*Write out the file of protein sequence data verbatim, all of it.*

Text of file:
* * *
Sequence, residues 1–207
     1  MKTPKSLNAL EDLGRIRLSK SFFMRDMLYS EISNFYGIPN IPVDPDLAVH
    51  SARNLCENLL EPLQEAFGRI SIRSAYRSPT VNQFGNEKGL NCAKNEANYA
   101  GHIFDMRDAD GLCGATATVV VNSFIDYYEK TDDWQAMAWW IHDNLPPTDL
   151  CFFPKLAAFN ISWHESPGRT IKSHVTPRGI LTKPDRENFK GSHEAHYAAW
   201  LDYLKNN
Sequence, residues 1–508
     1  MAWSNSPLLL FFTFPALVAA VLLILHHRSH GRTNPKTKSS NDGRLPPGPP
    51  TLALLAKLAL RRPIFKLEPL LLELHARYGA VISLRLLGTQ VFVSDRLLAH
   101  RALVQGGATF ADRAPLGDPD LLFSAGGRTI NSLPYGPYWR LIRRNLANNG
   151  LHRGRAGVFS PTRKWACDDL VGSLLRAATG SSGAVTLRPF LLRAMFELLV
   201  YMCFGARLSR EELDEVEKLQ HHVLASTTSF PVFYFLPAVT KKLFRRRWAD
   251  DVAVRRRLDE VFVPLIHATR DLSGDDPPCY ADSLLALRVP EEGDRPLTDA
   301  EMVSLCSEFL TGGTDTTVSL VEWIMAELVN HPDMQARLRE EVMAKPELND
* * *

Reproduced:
Sequence, residues 1–207
     1  MKTPKSLNAL EDLGRIRLSK SFFMRDMLYS EISNFYGIPN IPVDPDLAVH
    51  SARNLCENLL EPLQEAFGRI SIRSAYRSPT VNQFGNEKGL NCAKNEANYA
   101  GHIFDMRDAD GLCGATATVV VNSFIDYYEK TDDWQAMAWW IHDNLPPTDL
   151  CFFPKLAAFN ISWHESPGRT IKSHVTPRGI LTKPDRENFK GSHEAHYAAW
   201  LDYLKNN
Sequence, residues 1–508
     1  MAWSNSPLLL FFTFPALVAA VLLILHHRSH GRTNPKTKSS NDGRLPPGPP
    51  TLALLAKLAL RRPIFKLEPL LLELHARYGA VISLRLLGTQ VFVSDRLLAH
   101  RALVQGGATF ADRAPLGDPD LLFSAGGRTI NSLPYGPYWR LIRRNLANNG
   151  LHRGRAGVFS PTRKWACDDL VGSLLRAATG SSGAVTLRPF LLRAMFELLV
   201  YMCFGARLSR EELDEVEKLQ HHVLASTTSF PVFYFLPAVT KKLFRRRWAD
   251  DVAVRRRLDE VFVPLIHATR DLSGDDPPCY ADSLLALRVP EEGDRPLTDA
   301  EMVSLCSEFL TGGTDTTVSL VEWIMAELVN HPDMQARLRE EVMAKPELND